• 9. Analysis of the KDD Cup 2009 Figure 2: KDD Cup Participation by year (number of teams). The full rules are available from the website of the challenge http://www.kddcup-orange. com/. The rules were designed to attract a large number of participants and were successful in that respect: Many participants did not participate in the fast challenge on the large dataset, but entered in the slow track, either on the small or the large dataset (or both). There was one minor design mistake: the small dataset was derived from the same data as the large one and, despite our efforts to disguise the identity of the features, it was possible for some entrants to match the features and entries in the small and large dataset. This provided a small advantage, in the slow track only, to the teams who did that data “unscrambling”: they could get feed-back on 20% of the data rather than 10%. The schedule of the challenge was as follows (Dates in 2009): • March 10 - Start of the FAST large challenge. Data tables without target values were made available for the large dataset. Toy training target values were made available for practice purpose. Objective: participants can download data, ask questions, finalize their methodology, try the submission process. • April 6 - Training target values were made available for the large dataset for the real problems (churn, appetency, and upselling). Feed-back: results on 10% of the test set available on-line when submissions are made. • April 10 - Deadline for the FAST large challenge. Submissions had to be received before midnight, time zone of the challenge web server. • April 11 - Data tables and training target values were made available for the small dataset. The challenge continued for the large dataset in the slow track. • May 11 - Deadline for the SLOW challenge (small and large datasets). Submissions had to be be received before midnight, time zone of the challenge web server. 7. Results The 2009 KDD Cup attracted 1299 teams from 46 different countries. From those teams, 7865 valid entries were submitted by 453 different teams. The participation was more than 9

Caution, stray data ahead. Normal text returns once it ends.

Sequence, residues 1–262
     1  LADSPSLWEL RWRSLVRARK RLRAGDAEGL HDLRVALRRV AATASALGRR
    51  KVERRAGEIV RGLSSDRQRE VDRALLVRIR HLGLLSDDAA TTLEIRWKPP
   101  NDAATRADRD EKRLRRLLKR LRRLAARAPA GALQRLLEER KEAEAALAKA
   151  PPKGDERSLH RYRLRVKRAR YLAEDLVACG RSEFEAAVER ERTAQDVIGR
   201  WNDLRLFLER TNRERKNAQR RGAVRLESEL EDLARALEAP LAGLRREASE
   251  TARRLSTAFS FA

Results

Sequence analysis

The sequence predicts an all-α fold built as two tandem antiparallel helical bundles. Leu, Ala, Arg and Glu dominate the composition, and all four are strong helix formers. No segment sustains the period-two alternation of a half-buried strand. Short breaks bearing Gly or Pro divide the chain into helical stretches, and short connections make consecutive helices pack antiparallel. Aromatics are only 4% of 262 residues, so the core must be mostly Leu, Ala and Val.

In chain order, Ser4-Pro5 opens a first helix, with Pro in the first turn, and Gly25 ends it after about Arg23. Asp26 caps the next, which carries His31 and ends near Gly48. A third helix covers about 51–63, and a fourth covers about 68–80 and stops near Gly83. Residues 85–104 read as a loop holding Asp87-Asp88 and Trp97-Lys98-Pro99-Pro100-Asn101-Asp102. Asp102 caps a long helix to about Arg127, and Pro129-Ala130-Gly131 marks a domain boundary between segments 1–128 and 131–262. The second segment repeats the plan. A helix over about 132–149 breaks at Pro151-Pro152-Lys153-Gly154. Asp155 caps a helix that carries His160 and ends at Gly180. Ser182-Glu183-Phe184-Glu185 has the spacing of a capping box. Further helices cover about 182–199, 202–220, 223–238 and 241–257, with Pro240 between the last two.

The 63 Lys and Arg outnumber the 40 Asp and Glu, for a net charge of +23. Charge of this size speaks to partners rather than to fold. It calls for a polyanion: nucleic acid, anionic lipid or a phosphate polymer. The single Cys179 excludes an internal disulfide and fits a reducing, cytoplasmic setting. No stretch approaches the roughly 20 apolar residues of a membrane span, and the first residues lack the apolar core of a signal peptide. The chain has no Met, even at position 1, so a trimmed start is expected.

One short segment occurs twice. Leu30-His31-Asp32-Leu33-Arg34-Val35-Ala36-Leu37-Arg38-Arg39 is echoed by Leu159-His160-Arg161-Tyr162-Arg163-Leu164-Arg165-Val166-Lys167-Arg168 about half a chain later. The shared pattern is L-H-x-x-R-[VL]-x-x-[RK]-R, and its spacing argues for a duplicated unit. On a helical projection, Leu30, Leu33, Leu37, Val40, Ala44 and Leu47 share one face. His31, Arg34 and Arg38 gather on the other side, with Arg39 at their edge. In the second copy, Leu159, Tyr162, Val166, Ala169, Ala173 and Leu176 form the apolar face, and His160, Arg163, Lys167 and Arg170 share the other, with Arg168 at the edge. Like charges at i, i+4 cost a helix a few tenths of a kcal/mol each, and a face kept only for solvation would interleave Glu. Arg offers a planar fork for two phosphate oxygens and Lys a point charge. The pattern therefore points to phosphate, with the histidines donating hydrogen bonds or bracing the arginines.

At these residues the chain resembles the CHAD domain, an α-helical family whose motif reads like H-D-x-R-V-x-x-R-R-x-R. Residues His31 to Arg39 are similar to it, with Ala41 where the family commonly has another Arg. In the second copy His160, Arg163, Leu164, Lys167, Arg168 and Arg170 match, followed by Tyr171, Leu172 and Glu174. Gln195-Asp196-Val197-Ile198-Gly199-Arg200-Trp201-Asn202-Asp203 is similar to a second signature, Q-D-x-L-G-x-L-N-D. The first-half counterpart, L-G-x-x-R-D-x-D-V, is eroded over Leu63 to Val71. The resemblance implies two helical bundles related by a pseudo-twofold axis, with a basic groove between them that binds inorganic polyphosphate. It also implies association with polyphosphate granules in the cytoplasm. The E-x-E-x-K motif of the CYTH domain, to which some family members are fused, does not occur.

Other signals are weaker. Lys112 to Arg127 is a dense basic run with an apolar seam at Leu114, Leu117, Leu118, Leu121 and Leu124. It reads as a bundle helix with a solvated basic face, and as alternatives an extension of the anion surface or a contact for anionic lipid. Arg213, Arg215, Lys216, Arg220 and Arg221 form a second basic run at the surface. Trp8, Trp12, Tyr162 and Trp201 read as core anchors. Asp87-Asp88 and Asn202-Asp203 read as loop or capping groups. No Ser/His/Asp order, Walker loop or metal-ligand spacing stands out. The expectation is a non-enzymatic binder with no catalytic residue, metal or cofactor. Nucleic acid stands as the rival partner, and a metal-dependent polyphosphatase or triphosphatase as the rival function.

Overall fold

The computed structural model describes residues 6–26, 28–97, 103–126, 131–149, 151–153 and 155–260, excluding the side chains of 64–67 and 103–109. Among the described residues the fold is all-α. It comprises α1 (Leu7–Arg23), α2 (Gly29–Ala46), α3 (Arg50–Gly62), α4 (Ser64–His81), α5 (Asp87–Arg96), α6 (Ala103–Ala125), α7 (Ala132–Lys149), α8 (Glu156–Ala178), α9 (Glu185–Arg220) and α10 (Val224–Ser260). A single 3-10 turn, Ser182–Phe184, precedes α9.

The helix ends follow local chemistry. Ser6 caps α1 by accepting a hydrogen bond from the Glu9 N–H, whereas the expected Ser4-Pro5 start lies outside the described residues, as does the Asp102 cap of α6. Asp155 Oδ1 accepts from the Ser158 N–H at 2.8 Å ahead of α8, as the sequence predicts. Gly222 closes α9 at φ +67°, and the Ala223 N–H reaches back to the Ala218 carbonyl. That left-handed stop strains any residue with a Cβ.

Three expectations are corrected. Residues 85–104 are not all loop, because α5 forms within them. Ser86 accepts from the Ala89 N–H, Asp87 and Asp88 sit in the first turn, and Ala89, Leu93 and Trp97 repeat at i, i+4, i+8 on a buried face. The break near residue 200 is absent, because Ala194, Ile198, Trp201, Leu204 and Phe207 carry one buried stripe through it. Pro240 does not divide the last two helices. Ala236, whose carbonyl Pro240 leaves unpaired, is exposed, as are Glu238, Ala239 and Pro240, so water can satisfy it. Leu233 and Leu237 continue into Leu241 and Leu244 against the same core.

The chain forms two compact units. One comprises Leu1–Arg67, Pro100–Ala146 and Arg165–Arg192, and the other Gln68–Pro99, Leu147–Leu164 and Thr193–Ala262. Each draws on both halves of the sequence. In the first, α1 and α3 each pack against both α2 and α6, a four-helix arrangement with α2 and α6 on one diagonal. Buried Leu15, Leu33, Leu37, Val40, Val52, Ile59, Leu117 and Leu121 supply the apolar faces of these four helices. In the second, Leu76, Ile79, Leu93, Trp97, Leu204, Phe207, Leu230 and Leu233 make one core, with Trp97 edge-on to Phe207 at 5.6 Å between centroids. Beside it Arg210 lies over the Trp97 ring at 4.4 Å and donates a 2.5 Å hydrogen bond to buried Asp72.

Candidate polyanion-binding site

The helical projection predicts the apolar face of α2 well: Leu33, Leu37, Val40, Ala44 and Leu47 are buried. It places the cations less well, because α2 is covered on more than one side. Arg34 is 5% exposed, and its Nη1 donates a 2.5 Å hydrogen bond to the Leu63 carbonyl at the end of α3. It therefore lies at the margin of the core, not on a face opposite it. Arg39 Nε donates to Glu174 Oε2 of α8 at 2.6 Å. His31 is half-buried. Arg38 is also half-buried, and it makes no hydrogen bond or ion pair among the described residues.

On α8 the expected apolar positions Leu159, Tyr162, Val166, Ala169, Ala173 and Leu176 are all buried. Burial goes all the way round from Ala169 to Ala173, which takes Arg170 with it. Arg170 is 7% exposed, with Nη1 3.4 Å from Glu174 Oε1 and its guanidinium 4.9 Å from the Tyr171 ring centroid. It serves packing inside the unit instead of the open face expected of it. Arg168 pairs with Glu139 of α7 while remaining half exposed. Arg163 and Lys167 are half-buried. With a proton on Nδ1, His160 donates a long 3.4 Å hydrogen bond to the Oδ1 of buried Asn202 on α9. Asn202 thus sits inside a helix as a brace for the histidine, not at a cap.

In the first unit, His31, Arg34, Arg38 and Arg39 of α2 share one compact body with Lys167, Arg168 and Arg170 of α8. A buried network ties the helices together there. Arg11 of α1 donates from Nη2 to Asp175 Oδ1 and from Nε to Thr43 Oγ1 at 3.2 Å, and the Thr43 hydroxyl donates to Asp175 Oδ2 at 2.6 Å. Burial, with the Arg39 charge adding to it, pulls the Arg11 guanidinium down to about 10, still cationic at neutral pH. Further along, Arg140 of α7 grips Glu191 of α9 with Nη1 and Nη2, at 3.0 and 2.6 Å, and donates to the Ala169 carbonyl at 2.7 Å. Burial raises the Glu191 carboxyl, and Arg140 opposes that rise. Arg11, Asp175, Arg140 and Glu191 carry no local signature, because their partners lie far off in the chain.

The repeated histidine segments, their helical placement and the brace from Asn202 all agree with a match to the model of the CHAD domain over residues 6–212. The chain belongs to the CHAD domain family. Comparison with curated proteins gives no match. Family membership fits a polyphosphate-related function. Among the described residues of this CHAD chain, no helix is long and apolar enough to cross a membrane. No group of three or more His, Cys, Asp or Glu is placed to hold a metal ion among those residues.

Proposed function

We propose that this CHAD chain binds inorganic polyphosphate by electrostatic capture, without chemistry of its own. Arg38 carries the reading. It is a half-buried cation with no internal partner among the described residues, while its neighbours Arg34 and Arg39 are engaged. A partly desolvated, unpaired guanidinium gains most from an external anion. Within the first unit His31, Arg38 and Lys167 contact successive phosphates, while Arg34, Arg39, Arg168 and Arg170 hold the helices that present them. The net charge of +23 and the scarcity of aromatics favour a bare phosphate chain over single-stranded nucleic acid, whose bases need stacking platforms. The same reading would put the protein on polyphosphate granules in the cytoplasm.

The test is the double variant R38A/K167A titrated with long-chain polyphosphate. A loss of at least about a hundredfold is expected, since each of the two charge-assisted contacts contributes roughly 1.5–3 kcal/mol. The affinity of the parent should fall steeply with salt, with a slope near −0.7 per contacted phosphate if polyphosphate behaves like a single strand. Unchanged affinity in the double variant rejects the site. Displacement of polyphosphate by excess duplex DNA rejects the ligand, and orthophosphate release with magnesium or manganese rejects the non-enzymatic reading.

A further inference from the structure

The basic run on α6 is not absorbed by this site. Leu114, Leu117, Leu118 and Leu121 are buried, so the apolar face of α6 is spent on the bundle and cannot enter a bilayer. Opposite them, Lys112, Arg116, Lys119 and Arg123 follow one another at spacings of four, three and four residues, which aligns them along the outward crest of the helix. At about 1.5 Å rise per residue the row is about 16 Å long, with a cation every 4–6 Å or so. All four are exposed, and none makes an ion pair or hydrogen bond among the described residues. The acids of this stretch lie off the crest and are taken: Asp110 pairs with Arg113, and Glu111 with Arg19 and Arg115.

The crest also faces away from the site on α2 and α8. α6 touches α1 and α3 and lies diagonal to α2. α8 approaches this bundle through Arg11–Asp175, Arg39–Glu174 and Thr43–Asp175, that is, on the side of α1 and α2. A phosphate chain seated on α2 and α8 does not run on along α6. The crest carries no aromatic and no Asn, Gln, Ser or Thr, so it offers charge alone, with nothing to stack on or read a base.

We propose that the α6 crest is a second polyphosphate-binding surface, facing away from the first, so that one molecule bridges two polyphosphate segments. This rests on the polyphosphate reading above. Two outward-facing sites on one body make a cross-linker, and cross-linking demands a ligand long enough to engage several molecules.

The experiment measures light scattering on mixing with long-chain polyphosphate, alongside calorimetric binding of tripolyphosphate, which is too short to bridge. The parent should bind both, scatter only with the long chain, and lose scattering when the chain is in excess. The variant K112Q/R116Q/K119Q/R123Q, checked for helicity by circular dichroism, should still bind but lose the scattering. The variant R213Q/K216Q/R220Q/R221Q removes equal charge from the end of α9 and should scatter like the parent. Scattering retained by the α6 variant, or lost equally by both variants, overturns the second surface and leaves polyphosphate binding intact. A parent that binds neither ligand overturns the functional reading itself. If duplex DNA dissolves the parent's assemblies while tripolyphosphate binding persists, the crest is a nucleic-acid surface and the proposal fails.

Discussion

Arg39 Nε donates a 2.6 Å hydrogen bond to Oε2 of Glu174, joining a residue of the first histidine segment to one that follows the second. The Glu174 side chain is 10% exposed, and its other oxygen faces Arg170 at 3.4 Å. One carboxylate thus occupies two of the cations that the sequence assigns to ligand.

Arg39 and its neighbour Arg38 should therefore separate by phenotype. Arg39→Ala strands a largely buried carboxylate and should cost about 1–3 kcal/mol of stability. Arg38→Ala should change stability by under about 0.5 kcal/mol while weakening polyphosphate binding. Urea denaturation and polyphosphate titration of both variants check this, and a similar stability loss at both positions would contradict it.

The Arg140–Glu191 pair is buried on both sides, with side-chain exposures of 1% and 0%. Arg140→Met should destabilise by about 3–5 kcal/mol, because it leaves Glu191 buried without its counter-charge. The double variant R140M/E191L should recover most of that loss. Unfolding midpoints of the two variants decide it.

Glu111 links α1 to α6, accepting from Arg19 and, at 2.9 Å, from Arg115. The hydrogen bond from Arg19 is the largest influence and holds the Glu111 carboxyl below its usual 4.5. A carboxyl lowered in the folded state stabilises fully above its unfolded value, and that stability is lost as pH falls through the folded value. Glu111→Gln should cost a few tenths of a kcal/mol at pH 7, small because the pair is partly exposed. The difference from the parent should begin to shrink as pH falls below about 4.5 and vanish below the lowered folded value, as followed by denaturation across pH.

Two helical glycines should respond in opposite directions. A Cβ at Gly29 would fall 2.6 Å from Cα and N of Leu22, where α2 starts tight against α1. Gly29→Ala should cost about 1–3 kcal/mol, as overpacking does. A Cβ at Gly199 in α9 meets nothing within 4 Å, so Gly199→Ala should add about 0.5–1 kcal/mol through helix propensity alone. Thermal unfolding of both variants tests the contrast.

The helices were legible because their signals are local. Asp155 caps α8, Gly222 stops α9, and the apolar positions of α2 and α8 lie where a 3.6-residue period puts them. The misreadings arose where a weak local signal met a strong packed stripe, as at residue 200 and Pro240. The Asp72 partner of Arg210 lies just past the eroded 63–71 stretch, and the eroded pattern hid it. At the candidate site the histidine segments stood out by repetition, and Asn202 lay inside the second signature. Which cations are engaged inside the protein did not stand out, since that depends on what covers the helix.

• 10. ´ Guyon, Lemaire, Boulle, Dror, Vogel Prize 1 2 3 1 2 3 Table 1: Winning entries. Country Fast Rank IBM Research USA 1 ID Analytics USA 2 David Slate & Peter Frey USA 3 University of Melbourne Australia 27 Financial Engineering Group, Inc. Japan 4 National Taiwan University Taiwan 20 Team track Score 0.8493 0.8448 0.8443 0.8250 0.8443 0.8332 Slow Rank 1 3 8 2 4 5 track Score 0.8521 0.8479 0.8443 0.8484 0.8477 0.8461 three times greater than any KDD Cup in the past. Figure 2 represents the KDD Cup participation by year. A large participation was a key element to validate the results and for Orange to have a ranking of its in-house system; the challenge was very successful in that respect. 7.1 Winners The overall winner is the IBM Research team (IBM Research, 2009) who ranked first in both tracks. Six prizes were donated by Orange to top ranking participants in the fast and the slow tracks (see Table 1). As per the rules of the challenge, the same team could not earn two prizes. If the ranking of a team entitled it to two prizes, it received the best of the two and the next best ranking team received the other prize. All the winning teams scored best on the large dataset (and most participants obtained better results on the large dataset then on the small dataset). IBM Research, ID Analytics, and National Taiwan University (NTU) “unscrambled” the small dataset. This may have provided an advantage only to NTU since “unscrambling” affected only the slow track and the two other teams won prizes in the fast track. We briefly comment on the results of the winners. Fast track: • IBM Research: The winning entry (IBM Research, 2009) consisted of an ensemble of a wide variety of classifiers, following (Caruana and Niculescu-Mizil, 2004; Caruana et al., 2006). Effort was put into coding (most frequent values coded with binary features, missing values replaced by mean, extra features constructed, etc.) • ID Analytics, Inc.: One of the only teams to use a wrapper feature selection strategy, following a filter (Xie et al., 2009). The classifier was built from the commercial TreeNet software by Salford Systems: an additive boosting decision tree technology. Bagging was also used to gain additional robustness. • David Slate & Peter Frey (Old dogs with new tricks): After a simple preprocessing (consisting in grouping of modalities or discretizing) and filter feature selection, this team used ensembles of decision trees, similar to Random Forests (Breiman, 2001). 10